This document is a supplement to
Editing for Clear Communication
Copyright 1996-1999,
Thom Lieb


No portion may be reused without the author's permission.

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Further Reading:
J.D. Lasica, "Net Gain," American Journalism Review, November 1996, pages 20-33.

To learn more about this college editing textbook or to order an educational review copy, please visit McGraw Hill.


Editing for the Web

Audience and Mission:
More Important Than Ever

Good writing is in large part good planning. That truth also applies to good Web publishing.

In an effort to stake out territory on the Web — and to keep rivals from sucking up potential online advertising revenue — some existing publications have instructed their Web teams to merely put the print publication on line. Putting up everything that's in a printed edition (known as producing "shovelware") misses the point and potential of publishing on the Web. There's already way too much information available on the Web; what's needed is more information with a clear sense of audience and focus.

Before any existing or startup publication begins a Web edition, the publisher and staff should answer these questions:

Who is our audience?
Many online publishers have not answered this question — the fundamental one. Instead, they're publishing just because they can. More than one editor has told me that she was ordered to "Put the paper online." In a time when printed versions of newspapers are losing readers left and right, what sense does it make to offer the same thing in a harder-to-get package? Instead, newspaper publishers and other would-be Web publishers need to define a particular audience they want to reach, then design the site to reach that audience. While many newspapers say a key goal of their online editions is to reach young people who don't read printed newspapers, they fail to offer that audience much different online. HotWired media critic Jon Katz notes in American Journalism Review:

"Most newspaper Web sites are ugly, clunky, present unoriginal, outdated information and reflect corporate traditions that emphasize tepid opinion, stuffy writing and middle-of-the-road banality. That's not what people go online for. Young people, especially, like strong point of view, attitude, graphics, in-depth pop culture coverage — all the things that newspapers won't do."

What can we do online that we can't do on paper?
When Publisher Jake Oliver began thinking about the online edition of the Afro-American newspapers, he had more than a hundred years of coverage of the black community at his disposal. So one of his first decisions was to create an online Black History Museum. The section offers features on the first black combat pilots in America; Jackie Robinson, the first black baseball player in the major leagues; black advertising from the 1920s and 1930s; reports from Afro correspondents following black troops during World War II; and others that continue to draw lots of visitors to the site.

What can we do differently than the bazillion other online sites?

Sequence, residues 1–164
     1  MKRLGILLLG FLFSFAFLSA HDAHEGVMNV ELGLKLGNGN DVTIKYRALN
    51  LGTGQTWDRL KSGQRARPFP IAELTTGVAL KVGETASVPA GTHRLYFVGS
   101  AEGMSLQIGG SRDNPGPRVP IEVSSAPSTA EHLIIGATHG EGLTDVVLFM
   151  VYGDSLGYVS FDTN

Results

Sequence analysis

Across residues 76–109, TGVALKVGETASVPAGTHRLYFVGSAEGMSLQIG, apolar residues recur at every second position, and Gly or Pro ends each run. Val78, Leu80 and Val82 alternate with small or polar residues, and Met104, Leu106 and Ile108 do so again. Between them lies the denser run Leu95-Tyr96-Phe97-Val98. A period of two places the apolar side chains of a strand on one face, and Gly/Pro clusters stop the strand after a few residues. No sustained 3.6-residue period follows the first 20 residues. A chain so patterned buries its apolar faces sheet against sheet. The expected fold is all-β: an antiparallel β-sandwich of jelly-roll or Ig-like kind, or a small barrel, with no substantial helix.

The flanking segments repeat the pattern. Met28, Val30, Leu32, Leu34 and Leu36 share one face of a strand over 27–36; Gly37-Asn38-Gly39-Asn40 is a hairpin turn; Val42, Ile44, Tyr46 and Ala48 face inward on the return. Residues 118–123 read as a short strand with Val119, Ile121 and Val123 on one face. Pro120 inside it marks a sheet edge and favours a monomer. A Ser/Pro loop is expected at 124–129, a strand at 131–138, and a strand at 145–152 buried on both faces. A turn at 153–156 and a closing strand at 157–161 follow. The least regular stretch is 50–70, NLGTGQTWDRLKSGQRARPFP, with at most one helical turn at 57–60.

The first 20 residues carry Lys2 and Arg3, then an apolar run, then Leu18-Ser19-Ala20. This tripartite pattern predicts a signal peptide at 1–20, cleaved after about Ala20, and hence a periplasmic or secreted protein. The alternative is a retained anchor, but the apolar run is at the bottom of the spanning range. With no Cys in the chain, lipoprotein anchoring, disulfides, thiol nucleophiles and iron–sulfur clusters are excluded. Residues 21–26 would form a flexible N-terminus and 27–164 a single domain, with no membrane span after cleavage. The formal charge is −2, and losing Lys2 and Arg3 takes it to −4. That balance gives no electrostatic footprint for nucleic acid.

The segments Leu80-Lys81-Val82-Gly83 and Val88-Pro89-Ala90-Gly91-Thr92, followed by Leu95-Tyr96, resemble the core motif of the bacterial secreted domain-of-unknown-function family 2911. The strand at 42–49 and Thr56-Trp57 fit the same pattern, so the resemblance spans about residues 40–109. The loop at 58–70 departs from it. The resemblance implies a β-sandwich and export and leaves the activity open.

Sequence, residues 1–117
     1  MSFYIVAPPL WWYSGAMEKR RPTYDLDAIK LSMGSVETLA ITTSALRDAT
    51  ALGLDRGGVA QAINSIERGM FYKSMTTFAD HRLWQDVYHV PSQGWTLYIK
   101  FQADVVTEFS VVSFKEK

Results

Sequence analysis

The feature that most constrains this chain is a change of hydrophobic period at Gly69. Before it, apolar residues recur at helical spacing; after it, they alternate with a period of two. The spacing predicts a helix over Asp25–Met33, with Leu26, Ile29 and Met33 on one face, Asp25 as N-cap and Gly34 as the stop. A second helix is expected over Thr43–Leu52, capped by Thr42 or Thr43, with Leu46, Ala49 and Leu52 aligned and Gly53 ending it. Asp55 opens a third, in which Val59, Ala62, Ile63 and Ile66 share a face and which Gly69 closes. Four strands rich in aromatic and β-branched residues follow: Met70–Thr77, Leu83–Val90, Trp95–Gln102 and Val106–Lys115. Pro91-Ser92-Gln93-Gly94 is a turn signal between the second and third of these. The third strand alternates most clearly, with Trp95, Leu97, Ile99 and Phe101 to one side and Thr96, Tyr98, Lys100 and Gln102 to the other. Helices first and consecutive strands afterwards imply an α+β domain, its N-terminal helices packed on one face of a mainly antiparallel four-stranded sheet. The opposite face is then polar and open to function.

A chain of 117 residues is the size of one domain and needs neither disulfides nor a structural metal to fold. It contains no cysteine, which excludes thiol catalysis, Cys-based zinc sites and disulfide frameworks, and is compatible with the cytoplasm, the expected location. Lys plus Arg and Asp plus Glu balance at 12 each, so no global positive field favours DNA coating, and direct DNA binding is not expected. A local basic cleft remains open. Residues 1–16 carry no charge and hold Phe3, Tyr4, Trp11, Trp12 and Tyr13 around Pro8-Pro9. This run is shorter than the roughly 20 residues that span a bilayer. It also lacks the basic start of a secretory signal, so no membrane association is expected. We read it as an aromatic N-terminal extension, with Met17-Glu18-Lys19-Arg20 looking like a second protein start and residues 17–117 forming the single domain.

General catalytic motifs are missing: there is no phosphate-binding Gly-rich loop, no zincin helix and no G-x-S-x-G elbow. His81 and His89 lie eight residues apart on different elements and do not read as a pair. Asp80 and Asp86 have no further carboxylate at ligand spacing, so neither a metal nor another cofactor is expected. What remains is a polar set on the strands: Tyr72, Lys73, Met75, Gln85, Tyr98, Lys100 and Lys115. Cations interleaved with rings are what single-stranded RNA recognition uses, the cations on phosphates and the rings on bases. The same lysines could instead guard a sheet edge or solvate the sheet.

I remember telling a friend that there were hundreds of newspapers on the Web, and she responded, "Why?" With easy access now to the CNN, New York Times, Washington Post, Associated Press and other key sources, why would a reader try to find information about major news stories anywhere else? Bill Skeet, chief designer at the Knight-Ridder New Media Center, addressed this issue in a posting to the Online News discussion group:

"But what of smaller newspapers? ... If you strip away the wire content or syndicated material ... or anything not indigenous to their brand, what do you have left?
I'd say you have a product that is particularly at risk on the web because on the web there are competitors or at least alternative sources for most of these types of information."

What do we have the resources to produce and keep current?
When a Web staff of five was put together at the Rochester, N.Y., Democrat and Chronicle, they knew they couldn't do everything. Exploiting one of the editors' experience in sports, the team decided to concentrate primarily in that area. Because the newspaper in nearby Buffalo — home of the Bills football team — did not have a Web site, the D&C team decided to set up a site for Bills fans. The Bills pages drew more than 200,000 visitors per week — half the total for the entire D&C site.

What services can we provide to readers?
Information is everywhere on the Web. Do a search on the most specialized topic and chances are that you'll get hundreds or even thousands of hits. What Web users want is specialized information — and service. For instance, Arizona Central offers visitors a searchable directory of more than 250 golf courses in the state; a guide to dining in the Phoenix area; customizable television listings; ALT.,a place for teens and young adults; and much more.

Anyone can create a Web site. But only by taking the time to think about these questions can you be sure that you'll create one that people will actually want to visit.

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